The real success of the Wunderwaffen came in the post-war period. When the Allies requisitioned the resources and the Nazi scientists and engineers, they were able to verify the technological advance of Nazi Germany and possibly breathed a sigh of relief to see that many of those mills did not see the light. There is no doubt that the Nazis were real monsters, but objectively they had some of the most privileged minds of the time. In the end, thanks to their engineers, man was able to reach the Moon, fly at supersonic speeds, develop new infrared and night vision technologies. And all this thanks to the seeds that germinated in the bosom of the Wunderwaffen.
As the Wunderwaffen are abundant and varied, we will dedicate two ample posts to explore them and astonish us with some of them. We assure you that you will be surprised.
The tungsten giants
The Allies had a recurring nightmare during the World War II. The German Panzers (short for “Panzerkampfwagen”) thwarted their plans and strategies on several occasions. The Panzerdivision became an indispensable element of the “blitzkrieg” or German lightning war with which they dealt hard blows to the Allies. The evolution of German tanks seemed to have no end: each new design that appeared carried a more robust and resilient armour and a more powerful artillery… and increased in size. The Panzers were the most real manifestation of Nazi pretensions: more power, more territory, more fear, more control.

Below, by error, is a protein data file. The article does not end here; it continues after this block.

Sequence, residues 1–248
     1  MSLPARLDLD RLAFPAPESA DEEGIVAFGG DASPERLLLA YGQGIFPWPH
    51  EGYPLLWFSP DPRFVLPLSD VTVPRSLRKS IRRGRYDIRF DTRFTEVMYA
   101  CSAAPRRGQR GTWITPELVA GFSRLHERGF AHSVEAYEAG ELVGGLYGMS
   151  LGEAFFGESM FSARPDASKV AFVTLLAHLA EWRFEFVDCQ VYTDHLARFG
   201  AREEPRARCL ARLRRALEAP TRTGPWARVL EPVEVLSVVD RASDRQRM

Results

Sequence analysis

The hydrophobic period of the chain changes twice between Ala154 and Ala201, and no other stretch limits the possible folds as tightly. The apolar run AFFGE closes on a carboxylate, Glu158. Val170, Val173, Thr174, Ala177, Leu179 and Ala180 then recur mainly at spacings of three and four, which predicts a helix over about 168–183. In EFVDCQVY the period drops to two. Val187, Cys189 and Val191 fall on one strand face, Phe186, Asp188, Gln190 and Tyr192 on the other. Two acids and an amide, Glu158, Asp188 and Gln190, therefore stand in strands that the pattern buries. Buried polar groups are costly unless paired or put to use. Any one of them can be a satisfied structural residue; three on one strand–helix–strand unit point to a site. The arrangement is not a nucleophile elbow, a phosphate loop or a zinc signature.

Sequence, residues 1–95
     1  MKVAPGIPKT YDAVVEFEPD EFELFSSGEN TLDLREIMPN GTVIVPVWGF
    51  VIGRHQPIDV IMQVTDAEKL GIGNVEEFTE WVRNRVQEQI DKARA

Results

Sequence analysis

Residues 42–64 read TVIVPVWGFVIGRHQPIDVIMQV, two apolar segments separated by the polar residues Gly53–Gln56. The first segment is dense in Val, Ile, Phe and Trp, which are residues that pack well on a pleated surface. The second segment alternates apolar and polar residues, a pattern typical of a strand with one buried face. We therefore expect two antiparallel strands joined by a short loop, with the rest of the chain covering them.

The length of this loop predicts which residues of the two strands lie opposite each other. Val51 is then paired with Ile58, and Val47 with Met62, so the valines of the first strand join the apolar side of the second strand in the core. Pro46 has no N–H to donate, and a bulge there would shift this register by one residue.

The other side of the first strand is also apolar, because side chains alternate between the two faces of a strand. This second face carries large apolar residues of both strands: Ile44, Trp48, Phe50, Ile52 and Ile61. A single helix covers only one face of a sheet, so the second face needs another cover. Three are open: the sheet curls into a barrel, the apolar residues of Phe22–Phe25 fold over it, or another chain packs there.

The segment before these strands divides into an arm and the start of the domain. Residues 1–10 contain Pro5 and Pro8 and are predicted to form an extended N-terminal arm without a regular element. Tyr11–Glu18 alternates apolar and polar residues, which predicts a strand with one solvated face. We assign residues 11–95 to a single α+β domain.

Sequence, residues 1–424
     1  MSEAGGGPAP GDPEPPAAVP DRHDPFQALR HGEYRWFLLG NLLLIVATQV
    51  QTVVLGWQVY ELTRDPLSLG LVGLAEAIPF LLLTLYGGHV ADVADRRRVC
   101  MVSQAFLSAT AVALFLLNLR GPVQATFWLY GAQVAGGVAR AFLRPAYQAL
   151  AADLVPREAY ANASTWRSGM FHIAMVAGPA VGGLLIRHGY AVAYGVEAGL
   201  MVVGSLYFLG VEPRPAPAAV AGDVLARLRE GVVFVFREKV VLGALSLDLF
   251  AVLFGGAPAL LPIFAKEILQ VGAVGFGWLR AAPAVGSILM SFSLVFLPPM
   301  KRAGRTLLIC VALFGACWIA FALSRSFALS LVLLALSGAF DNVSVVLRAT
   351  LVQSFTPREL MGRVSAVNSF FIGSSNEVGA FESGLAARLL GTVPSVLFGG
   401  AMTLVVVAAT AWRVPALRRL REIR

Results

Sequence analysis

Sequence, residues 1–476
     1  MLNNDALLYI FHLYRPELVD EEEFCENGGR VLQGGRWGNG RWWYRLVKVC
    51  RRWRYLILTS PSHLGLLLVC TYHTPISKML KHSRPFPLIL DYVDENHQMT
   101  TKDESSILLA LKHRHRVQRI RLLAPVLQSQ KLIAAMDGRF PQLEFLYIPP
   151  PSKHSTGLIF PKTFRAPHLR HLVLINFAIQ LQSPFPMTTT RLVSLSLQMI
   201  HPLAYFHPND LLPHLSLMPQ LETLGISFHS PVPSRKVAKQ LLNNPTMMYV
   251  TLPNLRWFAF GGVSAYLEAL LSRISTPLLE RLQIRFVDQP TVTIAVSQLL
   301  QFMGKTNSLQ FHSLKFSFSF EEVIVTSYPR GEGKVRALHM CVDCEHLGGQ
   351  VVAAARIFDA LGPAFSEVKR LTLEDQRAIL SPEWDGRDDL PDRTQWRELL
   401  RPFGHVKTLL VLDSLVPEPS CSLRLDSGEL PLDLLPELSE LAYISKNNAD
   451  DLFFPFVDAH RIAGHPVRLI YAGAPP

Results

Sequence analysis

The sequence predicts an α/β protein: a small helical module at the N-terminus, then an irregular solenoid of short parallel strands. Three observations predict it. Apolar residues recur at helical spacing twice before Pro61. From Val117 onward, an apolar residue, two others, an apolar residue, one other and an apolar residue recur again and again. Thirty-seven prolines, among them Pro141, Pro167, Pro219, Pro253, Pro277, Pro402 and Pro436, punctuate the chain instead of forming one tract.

The six Panzerdivision of the Wehrmacht consisted of about 288 tanks each. The most common were the Panzerkampfwagen I (PzKpfw-I), also the lightest in armament and weight, followed by the PzKpfw-II and PzKpfw-III, the latter already heavier and belonging to the group of medium tanks. However, the most efficient of them all was the Panzer-IV… until it faced the Soviet T-34, which left the Panzer until then built obsolete. It then became necessary to manufacture a more powerful armored vehicle, more filled with impenetrable tungsten or molybdenum, the Panzer V Panther. Like the Nazi obsessions, the Panzers did not cease to progress and after the Panzer V came two even more destructive monstrosities that would go down in history as the heaviest armored vehicles put into service during World War II: the Tiger I and II. From the 6 tons of the Panzer-I to the 56 and 65-68 tons of the Tiger I and II respectively which, in addition, had an 8.8 cm FlaK antiaircraft cannon (although the Panzerjäger Jagdtiger model had a 128 mm cannon). For this reason the tanks were made so heavy and large, to house a weapon of similar caliber as the FlaK cannon. It was the first time that such a large weapon was installed on the chassis of an armoured combat vehicle. Now the obsolete technology was that of the Allies. In spite of the little use they had, since they were manufactured between 1944 and 1945, they are possibly the most remembered tanks.